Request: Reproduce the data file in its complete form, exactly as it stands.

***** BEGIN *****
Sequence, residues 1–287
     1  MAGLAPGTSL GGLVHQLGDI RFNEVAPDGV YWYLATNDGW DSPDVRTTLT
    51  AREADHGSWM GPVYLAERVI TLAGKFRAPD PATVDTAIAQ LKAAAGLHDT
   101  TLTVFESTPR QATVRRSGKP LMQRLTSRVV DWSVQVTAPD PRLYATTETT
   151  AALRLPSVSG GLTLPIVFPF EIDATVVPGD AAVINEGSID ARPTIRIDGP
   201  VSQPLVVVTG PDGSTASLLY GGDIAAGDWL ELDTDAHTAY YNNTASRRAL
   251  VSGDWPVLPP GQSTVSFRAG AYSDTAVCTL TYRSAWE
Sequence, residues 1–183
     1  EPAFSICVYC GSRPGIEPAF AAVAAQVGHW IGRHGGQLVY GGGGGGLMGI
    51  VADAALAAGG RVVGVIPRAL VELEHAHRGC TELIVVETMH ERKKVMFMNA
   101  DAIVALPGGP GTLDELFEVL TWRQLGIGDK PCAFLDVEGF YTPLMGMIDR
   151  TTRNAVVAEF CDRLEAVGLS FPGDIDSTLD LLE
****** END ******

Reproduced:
Sequence, residues 1–287
     1  MAGLAPGTSL GGLVHQLGDI RFNEVAPDGV YWYLATNDGW DSPDVRTTLT
    51  AREADHGSWM GPVYLAERVI TLAGKFRAPD PATVDTAIAQ LKAAAGLHDT
   101  TLTVFESTPR QATVRRSGKP LMQRLTSRVV DWSVQVTAPD PRLYATTETT
   151  AALRLPSVSG GLTLPIVFPF EIDATVVPGD AAVINEGSID ARPTIRIDGP
   201  VSQPLVVVTG PDGSTASLLY GGDIAAGDWL ELDTDAHTAY YNNTASRRAL
   251  VSGDWPVLPP GQSTVSFRAG AYSDTAVCTL TYRSAWE
Sequence, residues 1–183
     1  EPAFSICVYC GSRPGIEPAF AAVAAQVGHW IGRHGGQLVY GGGGGGLMGI
    51  VADAALAAGG RVVGVIPRAL VELEHAHRGC TELIVVETMH ERKKVMFMNA
   101  DAIVALPGGP GTLDELFEVL TWRQLGIGDK PCAFLDVEGF YTPLMGMIDR
   151  TTRNAVVAEF CDRLEAVGLS FPGDIDSTLD LLE